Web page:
Residents, health/dental community clash on Green Bay's fluoridization of water

GREEN BAY, Wis. - On Monday night, residents, dental and healthcare professionals, and others debated the necessity of continuing to add fluoride to the water supply during Green Bay's Protection and Welfare Committee meeting.

The issue was added onto the committee's agenda after Green Bay resident Brenda Staudenmaier asked the city to consider stopping the practice.

Staudenmaier says she believes fluoride is detrimental to many organs in the body, especially the brain and thyroid.

"We have over 196 research studies we've submitted that show that it causes brain damage, it causes learning disabilities, and all kinds of problems," Staudenmaier said.

Many residents sided with Staudenmaier, citing studies they said agreed with those claims.

The dental community, healthcare community, and others came to fluoride's defense, arguing that it is harmless to health and helps strengthen enamel while keeping teeth healthy.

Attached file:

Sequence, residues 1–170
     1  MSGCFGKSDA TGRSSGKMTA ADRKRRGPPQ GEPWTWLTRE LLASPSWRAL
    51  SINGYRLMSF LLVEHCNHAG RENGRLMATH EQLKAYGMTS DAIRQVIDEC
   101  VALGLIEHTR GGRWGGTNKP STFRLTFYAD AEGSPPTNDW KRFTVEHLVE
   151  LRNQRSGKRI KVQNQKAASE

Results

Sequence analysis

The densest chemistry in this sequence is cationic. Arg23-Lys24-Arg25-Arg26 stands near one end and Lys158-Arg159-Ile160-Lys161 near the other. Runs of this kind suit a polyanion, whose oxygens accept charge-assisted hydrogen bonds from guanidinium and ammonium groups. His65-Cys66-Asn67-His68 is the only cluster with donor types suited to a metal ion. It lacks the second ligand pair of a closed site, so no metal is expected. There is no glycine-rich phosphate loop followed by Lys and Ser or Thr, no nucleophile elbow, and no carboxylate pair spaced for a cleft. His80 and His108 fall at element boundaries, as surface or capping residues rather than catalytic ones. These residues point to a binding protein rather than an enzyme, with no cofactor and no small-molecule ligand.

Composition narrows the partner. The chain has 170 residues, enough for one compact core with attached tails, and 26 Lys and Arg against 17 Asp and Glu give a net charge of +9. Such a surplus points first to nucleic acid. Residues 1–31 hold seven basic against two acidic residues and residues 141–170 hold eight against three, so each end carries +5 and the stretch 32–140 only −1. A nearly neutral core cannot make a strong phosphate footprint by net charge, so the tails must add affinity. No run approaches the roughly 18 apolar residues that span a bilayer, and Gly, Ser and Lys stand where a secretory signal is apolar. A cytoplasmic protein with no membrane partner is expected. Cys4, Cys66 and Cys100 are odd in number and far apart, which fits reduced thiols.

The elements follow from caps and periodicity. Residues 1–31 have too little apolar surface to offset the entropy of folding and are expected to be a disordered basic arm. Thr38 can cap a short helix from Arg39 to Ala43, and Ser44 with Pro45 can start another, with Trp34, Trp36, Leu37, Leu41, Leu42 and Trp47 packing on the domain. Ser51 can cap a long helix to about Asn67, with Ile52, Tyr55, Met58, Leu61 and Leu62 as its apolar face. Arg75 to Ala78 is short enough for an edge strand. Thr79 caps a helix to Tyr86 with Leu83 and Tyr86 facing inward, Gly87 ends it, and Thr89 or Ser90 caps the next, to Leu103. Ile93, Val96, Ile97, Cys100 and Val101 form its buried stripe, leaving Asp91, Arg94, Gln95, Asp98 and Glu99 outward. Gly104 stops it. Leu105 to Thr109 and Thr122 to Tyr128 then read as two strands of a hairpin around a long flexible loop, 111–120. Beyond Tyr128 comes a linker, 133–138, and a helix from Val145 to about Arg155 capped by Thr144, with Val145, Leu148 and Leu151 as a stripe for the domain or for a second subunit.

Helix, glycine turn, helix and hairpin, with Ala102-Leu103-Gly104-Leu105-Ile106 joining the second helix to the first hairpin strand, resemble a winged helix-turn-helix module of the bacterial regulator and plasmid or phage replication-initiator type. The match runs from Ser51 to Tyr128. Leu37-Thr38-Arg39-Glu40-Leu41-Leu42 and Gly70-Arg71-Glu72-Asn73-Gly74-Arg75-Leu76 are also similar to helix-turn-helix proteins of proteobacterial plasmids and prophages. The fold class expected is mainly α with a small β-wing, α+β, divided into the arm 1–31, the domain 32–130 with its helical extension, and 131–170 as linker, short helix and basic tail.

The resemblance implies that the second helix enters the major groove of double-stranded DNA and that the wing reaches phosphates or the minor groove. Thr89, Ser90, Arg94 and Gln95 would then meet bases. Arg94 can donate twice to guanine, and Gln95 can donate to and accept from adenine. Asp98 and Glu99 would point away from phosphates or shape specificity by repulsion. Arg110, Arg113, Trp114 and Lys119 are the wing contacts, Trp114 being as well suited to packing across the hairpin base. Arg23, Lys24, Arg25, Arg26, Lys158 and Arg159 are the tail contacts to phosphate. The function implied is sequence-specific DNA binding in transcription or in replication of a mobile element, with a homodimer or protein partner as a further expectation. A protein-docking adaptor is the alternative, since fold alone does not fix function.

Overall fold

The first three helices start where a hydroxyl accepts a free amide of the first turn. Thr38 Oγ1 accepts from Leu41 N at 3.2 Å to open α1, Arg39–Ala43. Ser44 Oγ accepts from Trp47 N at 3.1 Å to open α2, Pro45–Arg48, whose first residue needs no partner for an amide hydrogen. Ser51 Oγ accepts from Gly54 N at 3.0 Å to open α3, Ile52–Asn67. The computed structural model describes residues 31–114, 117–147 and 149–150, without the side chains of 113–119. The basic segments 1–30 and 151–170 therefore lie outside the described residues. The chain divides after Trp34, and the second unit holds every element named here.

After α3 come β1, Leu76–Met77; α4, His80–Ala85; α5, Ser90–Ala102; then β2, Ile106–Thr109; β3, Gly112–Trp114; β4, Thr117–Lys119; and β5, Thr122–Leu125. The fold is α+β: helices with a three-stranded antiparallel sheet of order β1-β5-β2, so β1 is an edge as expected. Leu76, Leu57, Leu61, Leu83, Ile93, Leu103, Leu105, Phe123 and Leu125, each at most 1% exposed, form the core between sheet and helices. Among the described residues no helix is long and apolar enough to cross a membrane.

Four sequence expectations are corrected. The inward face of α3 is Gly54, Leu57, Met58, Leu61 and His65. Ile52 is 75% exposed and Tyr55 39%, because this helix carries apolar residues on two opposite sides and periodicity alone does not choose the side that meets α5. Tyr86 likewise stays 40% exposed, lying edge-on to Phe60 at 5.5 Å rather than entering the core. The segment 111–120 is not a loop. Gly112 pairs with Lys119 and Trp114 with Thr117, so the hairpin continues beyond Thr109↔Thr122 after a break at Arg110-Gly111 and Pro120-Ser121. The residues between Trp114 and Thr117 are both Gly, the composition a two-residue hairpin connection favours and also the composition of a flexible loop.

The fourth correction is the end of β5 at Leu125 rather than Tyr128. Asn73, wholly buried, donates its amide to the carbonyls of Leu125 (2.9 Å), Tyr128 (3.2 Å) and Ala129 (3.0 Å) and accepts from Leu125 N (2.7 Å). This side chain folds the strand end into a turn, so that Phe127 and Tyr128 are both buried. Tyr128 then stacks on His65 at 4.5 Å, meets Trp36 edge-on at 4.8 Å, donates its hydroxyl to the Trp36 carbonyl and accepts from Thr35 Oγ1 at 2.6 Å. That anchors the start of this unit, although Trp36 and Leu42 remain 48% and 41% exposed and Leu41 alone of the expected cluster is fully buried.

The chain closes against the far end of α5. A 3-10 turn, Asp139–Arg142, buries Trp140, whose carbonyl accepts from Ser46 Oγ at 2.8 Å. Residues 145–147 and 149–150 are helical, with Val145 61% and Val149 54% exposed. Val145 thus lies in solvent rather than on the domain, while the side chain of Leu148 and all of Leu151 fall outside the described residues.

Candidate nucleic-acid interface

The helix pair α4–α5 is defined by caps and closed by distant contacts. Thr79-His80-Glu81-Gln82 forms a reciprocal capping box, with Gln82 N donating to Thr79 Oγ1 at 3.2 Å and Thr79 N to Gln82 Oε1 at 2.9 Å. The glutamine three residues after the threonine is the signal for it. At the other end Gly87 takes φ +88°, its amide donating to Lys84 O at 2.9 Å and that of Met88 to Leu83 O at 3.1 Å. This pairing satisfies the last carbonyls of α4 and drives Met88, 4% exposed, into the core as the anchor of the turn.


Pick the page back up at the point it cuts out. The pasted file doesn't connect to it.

"We have been following the recommendations of the Center for Disease Control and our local DNR," Nancy Quirk, general manager of Green Bay Water Utility, said. "I've done it for 30 years, fluoridating water supply based on their recommendations."
Dentists say they have seen an improvement in overall oral health after fluoride was added to Green Bay's water.
"I'm definitely for it, there's a huge difference between the generation who had fluoride in water and the generation who didn't," Dr. Ellen Meyer, a dentist at Dental Associates of Green Bay, said. "We see it every day, the older patients, they're losing their teeth."
The discussion also focused on how much fluoride a person should be exposed to and if it benefits an individual's oral health to ingest fluoride from their water, versus just getting it from toothpaste alone. 
"I feel like there are a lot more reasons for me to feel concerned about the neurological aspects and also the effects on the interior of the body once fluoride is systematically applied to our water, compared to what happens to the dental health of a person," Green Bay resident Martin Zaharive said, who came to listen to the discussion and raise questions about the element.
The Protection and Welfare Committee decided to hold their vote on continuing to add fluoride to water until one of their next meetings on February 27th, so committee members may have more time to review the information presented from both sides. 


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